Why? Why do we keep updating Chekhov? Is it useful? Is it even possible? I’m not going to pretend to have an answer to those questions, but certainly in the case of Sam Holcroft’s modernised Vanya (even the title is stripped back) why was the question I continued to ask myself as the 1895 drama played out in the sparse confines of the Citizens’ circle studio to my ever-growing frustration.
The plot remains the same as Chekhov’s original. A collection of ill-relating relations amble around their rickety rural estate, sleep patterns out of whack due to the unwelcome return of terminally ill patriarch Serebryakov and his much younger second wife Yelena.
Serebryakov’s embittered brother-in-law, Vanya (from his first marriage– yes, it gets complicated) battles with moralising country doctor Astrov for Yelena’s attentions, while Serebryakov self-sacrificing daughter Sonya pines for Astrov from afar and begs her Uncle to forget the beautiful newcomer and lie down in the bed of loneliness and missed opportunities he’s constructed for himself throughout his lifetime.
Unlike the two previous Up Close productions, which clearly mirrored the Close Theatre Co.’s penchant for subversive, anarchic productions, there are no obvious reasons for the Citz to restage Uncle Vanya as a minimalist four-hander. In fact, the claustrophobia of the studio setting seems in direct opposition to the vast Russian wilderness (both geographical and emotional) that is a prime feature of Chekhovian naturalism. As a result, the audience are given a stunted drama, confined to one room instead of a lonely estate, and a suffocating tangle of emotional neediness between four repressed adults instead of a nominally heart-breaking bowing to circumstance.
Frustratingly, the cast give fine performances throughout. Helen MacKay’s Sonya is a gentle, appealing sort, but her need to be subservient is alienating–especially in a modern woman. Vanya’s self-defeating attitude makes more sense in Keith Fleming’s sullen alcoholic, but there are still discrepancies. In particular, the decision to have Serebryakov only ever spoken of and never present blunts the verbal barbs Vanya levels at his ‘bitterest enemy’ and in turn the audience’s sympathy for the titular old grafter. Is his anger justified? Or is Serebryakov’s purported selfishness just another whitewash to cover Vanya’s own inaction? Similarly, in a period Chekhov, Scarlett Mack’s unexpectedly sympathetic Yelena would work beautifully, but here the continued invisibility of her husband leaves us confused as to why she doesn’t just skip on the next train to Edinburgh with Mark Wood’s philosophising doctor Astrov.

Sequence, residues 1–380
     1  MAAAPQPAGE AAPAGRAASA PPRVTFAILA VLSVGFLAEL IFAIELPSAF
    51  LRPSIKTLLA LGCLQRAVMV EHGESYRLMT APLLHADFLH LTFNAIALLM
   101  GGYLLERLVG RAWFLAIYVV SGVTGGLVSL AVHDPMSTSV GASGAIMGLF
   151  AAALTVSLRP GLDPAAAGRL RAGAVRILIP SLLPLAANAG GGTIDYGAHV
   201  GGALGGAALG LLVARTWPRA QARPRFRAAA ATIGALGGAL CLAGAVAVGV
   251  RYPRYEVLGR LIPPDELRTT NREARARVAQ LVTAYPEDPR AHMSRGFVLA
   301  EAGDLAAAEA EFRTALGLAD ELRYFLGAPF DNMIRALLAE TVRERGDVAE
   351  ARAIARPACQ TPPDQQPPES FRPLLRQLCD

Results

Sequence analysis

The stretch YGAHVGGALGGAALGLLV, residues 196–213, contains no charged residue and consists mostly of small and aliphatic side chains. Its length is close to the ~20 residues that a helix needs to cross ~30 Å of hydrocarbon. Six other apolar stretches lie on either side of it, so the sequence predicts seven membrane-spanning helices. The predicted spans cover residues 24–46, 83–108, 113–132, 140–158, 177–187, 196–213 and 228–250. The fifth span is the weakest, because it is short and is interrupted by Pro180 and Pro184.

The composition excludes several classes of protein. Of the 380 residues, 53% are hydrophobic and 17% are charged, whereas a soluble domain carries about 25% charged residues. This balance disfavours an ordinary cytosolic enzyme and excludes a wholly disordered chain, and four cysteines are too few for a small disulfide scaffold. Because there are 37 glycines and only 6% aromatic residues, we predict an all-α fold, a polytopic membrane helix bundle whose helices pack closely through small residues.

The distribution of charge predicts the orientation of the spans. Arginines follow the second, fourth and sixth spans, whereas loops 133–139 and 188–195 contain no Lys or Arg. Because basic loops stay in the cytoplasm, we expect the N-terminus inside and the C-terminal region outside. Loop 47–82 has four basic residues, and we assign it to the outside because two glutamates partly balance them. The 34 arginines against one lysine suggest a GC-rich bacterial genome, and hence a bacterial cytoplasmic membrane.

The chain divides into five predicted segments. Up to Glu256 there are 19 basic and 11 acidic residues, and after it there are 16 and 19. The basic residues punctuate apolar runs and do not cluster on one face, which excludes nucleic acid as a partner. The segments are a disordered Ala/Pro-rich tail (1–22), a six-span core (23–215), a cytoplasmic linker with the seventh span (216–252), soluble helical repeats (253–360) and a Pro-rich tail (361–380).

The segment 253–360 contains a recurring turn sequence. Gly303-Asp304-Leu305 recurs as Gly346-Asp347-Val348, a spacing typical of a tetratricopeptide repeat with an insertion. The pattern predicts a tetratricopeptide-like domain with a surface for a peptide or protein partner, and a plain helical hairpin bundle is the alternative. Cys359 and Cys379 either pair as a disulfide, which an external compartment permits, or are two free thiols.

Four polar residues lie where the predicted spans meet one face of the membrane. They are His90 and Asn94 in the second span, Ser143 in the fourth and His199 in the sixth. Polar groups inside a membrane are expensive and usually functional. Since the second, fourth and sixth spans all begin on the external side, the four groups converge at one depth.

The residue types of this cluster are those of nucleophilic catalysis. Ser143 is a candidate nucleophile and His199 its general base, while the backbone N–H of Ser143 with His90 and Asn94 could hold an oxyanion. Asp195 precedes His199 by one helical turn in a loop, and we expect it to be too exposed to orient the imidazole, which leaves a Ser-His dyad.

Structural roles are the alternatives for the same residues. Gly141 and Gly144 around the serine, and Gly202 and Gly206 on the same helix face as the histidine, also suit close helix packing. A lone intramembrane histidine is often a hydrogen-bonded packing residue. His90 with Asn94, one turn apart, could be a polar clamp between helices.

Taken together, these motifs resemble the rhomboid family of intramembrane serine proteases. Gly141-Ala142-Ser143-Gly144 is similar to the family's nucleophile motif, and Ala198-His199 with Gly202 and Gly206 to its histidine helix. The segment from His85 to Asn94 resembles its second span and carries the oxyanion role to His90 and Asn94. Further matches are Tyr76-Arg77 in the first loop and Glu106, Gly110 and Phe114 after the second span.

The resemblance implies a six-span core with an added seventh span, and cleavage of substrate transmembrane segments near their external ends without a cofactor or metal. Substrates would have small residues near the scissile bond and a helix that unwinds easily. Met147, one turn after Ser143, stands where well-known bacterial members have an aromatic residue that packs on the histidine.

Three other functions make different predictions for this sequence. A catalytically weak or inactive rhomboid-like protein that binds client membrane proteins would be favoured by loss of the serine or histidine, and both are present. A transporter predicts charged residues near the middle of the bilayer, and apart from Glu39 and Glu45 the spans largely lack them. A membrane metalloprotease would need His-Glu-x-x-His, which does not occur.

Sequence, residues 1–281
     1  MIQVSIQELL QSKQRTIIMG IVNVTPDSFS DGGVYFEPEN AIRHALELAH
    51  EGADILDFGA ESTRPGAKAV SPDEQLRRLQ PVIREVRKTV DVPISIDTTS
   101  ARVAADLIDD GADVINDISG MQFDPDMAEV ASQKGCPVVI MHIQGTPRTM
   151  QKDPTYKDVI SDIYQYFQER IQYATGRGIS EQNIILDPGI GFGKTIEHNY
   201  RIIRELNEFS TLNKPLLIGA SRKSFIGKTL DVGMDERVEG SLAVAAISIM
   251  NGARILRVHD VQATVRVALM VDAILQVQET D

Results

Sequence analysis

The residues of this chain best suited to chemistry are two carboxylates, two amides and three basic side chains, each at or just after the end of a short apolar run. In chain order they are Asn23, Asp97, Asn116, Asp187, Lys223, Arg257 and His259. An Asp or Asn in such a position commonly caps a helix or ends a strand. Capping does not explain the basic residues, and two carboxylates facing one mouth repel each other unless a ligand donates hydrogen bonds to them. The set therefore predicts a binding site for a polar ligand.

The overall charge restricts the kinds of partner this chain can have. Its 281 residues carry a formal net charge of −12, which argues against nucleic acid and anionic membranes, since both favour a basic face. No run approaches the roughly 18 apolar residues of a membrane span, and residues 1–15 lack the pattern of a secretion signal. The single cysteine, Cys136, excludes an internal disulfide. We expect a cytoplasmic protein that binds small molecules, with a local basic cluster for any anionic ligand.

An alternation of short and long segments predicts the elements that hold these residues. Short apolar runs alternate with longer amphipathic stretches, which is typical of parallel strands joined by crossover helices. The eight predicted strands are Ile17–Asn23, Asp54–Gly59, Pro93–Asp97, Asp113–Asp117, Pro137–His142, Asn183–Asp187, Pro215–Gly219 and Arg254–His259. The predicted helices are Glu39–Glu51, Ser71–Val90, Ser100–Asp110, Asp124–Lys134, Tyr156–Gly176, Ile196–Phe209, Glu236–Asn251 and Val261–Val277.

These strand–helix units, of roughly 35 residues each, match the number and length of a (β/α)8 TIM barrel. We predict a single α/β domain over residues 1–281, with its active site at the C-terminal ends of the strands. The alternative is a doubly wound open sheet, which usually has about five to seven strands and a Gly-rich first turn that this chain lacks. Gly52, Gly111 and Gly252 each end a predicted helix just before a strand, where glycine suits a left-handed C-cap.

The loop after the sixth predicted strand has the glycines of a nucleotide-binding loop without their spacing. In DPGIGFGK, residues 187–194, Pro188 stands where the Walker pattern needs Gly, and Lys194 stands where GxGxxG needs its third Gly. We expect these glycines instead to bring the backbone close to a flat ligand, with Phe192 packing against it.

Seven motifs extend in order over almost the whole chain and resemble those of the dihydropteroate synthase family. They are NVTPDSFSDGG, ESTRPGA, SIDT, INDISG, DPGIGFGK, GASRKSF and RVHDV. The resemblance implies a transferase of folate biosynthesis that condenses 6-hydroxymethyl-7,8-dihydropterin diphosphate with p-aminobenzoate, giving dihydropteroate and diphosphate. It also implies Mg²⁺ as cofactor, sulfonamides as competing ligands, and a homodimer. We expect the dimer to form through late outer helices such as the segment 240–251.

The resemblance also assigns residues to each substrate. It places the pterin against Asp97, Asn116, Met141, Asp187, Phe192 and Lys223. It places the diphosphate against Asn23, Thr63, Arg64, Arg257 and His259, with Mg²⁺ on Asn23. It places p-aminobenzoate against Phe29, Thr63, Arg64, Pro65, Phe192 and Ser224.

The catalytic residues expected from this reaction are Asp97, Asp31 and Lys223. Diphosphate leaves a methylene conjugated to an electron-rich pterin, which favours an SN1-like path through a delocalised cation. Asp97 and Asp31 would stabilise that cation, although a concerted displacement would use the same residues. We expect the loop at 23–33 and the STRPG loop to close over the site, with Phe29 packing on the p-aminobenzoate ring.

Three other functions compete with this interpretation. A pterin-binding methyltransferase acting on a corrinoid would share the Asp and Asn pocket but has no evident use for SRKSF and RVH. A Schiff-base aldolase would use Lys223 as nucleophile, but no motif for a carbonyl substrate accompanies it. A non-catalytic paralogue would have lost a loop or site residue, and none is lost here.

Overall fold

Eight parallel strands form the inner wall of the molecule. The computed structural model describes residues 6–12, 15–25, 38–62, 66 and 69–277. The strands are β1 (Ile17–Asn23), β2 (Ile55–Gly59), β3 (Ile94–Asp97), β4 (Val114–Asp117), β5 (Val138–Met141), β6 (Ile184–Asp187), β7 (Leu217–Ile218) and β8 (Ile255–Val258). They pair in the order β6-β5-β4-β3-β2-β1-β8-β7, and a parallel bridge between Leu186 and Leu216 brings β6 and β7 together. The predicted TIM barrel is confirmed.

There are also odd inconsistencies in the direction. The most annoying of which might be how oblivious characters are to various pivotal exchanges happening only a few feet away. The ambiguous costuming (jeans, sixties-style dresses, hoodies) makes it impossible to distinguish a time period, as does Astrov’s 1950s medicine bag and the odd modern day curse word that jarringly peppers the otherwise refined dialogue. The set, consisting mainly of various individual chairs and lamps, is subtly suggestive of a disintegrating household while the softly dimming and brightening lighting works well as a focus lens to re-direct the audience’s attention to different characters. However, I can’t help but feel Gareth Nicholls’ usual creativity has been hemmed in by the double blow of an unconvincing script and the sparseness of the Up Close ethos, which was harnessed to far greater effect in the season’s two previous productions, Lot and His God and Striptease/All At Sea.